Following the ban’s announcement on March 21, Australia’s top alumina refineries stopped shipping alumina to Russia’s United Co. Rusal International PJSC, the world’s second-largest aluminum company by production output.
Rusal has a 20 percent share in Anglo-Australian mining giant Rio Tinto Group’s Queensland Alumina Ltd. (QAL) refinery. Rio Tinto owns 80 percent share in Queensland Alumina in its joint venture with the Russian company. Rio Tinto is right now figuring out alternatives concerning its alliance with Rusal.
Australia makes up 20 percent of Russia’s alumina supply, also called aluminum oxide, which is acquired from bauxite ore and delivered to refiners and changed into alumina. Bulk carriers then send the alumina to manufacturing plants in Russia where it is then turned into aluminum.
“There was a ship that was due to dock in Australia this week to collect a load of alumina bound for Russia. That boat is not going to Russia with our alumina,” Australian Prime Minister Scott Morrison said.
Australia’s export ban affects Russia’s aluminum production
Although aluminum was not on the sanction list enforced by Western nations after the Russian invasion of Ukraine, big corporations are divesting in Russia. Australia is choking supplies that could seriously affect the Russian production of aluminum, which is used in beer cans and kegs, kitchen utensils, window and door frames, consumer electronics, household appliances, aircraft and spacecraft components, among others.
Aluminum prices soared to as much as 5.1 percent to $3,554 a ton. Bloomberg noted that this reinforces the case for LME prices to find a foothold above $4,000/ton.
Australia declared that the immediate ban on exports of alumina, aluminum ores and bauxite is part of its continuing sanctions against Russia for its invasion of Ukraine.
“Russia relies on Australia for nearly 20 percent of its alumina needs. The government will work closely with exporters and peak bodies that will be affected by the ban to find new and expand existing markets,” the Australian government stated in a joint statement from several ministries, along with the prime minister’s office.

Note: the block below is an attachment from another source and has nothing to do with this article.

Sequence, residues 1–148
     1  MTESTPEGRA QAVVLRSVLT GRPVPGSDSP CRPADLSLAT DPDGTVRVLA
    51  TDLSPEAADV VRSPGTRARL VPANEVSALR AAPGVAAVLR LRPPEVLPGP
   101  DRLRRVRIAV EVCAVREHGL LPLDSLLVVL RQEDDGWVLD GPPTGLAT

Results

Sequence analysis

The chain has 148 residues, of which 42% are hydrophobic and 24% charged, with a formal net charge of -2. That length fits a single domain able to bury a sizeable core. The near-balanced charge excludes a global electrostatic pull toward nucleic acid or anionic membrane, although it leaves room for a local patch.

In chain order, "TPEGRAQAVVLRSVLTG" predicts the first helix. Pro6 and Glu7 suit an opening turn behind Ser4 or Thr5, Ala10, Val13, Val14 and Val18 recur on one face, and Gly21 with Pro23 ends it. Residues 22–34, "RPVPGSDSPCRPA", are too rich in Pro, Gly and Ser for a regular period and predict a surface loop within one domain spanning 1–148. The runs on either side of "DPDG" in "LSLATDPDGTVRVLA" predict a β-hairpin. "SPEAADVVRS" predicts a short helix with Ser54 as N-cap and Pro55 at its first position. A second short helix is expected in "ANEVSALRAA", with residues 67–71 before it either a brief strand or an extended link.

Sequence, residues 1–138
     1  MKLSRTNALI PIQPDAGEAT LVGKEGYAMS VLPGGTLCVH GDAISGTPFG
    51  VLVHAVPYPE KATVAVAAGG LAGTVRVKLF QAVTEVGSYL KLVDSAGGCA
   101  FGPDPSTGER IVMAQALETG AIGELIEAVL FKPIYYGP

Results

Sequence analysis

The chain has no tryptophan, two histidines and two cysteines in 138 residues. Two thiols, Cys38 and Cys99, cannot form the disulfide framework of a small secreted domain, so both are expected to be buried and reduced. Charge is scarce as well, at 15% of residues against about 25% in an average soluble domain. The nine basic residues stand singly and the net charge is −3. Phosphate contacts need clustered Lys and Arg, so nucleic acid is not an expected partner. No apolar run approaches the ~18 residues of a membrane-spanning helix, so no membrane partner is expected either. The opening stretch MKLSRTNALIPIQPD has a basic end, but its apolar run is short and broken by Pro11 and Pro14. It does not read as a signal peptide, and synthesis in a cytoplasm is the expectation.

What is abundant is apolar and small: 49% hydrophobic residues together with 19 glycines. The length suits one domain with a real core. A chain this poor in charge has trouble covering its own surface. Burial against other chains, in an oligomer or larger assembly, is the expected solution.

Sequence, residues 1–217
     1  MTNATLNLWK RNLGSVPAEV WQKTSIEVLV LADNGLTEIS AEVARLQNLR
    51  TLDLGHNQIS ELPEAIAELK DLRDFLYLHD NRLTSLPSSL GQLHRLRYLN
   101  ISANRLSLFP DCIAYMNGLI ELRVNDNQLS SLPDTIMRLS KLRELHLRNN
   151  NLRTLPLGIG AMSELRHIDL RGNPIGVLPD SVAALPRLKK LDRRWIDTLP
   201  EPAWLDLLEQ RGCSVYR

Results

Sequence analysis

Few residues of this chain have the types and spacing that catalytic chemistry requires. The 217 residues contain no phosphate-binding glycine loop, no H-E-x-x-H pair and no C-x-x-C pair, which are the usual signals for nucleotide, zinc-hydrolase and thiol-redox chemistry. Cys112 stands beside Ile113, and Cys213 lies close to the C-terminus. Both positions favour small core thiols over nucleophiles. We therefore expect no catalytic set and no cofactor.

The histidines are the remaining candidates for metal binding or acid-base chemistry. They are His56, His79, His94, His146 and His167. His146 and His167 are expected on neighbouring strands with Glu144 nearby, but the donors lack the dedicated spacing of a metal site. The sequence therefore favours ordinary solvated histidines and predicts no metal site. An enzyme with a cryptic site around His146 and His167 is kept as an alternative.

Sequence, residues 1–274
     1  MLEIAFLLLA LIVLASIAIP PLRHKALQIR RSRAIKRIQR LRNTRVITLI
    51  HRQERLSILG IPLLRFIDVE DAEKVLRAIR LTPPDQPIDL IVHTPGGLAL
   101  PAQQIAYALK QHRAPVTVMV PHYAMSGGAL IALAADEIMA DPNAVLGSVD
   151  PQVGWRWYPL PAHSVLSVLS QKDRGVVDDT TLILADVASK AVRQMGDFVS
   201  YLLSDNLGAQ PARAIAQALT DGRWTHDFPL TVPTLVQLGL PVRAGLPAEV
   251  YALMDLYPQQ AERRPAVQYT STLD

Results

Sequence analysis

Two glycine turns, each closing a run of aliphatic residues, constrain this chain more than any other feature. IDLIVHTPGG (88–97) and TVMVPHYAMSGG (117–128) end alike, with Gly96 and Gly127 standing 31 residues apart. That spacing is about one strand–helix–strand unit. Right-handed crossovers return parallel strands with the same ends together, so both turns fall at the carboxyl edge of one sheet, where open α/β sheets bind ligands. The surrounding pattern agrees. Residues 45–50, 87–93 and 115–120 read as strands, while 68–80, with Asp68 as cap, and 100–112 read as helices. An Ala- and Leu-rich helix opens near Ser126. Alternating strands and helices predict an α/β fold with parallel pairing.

The statement noted that the move will limit Russia’s capacity to produce aluminum, which is an important export for Russia.
Australia in the previous week enforced sanctions on two Russian businessmen with connections to its mining industry, among them billionaire Oleg Deripaska, who keeps shares in QAL.
The statement also mentioned that Australia has so far slapped 476 sanctions on 443 individuals, including businessmen close to Russian President Vladimir Putin, 33 entities, most of Russia’s banking sector and all individuals accountable for the country’s sovereign debt. (Related: Russia likely to default on sovereign debt payments.)
The Australian government added that it will provide at least 70,000 tons of thermal coal to Ukraine to satisfy its energy needs.
Australian coal producers have been pestered with calls for supply over the previous weeks from Ukraine and other countries like Poland that have been dependent on Russian stocks.
The Australian government in a statement said that it is working with the Australian coal industry to look for supplies. The statement added that Whitehaven Coal has quickly organized a shipment and the Australian government is now working with the company and the Ukrainian and Polish governments to ship the supplies at the soonest possible chance.
Australia to provide military equipment, humanitarian aid for Ukraine
Australia also promised extra military equipment and humanitarian assistance for Ukraine.
The Australian government added that it would be providing Ukrainians temporary humanitarian visas, which would enable refugees to access Medicare, study and work. It stated that close to 4,500 visas have been distributed so far, and that more than 600 Ukrainians with those visas have already arrived in the country.
Australia will give $21 million for defense aid to the Ukrainian Armed Forces and $30 million in humanitarian assistance.
“Australia stands with the people of Ukraine, and again calls on Russia to cease its unprovoked, unjust and illegal invasion of Ukraine,” the Australian government statement said.
Other countries have also promised support for Ukraine, including opening up temporary paths for Ukrainians to stay in their nations amid the invasion.
Canada announced this month that it would be permitting Ukrainians to enter through a Canada-Ukraine authorization for emergency travel, which would enable them to stay in the country for at least two years.
The Joe Biden administration earlier this month said it would be giving an 18-month temporary protected status to Ukrainians already in the United States.
Watch the video below to know why anti-Russian sanctions could be catastrophic for Westerns economies.
This video is from the Russia Truth channel on Brighteon.com.
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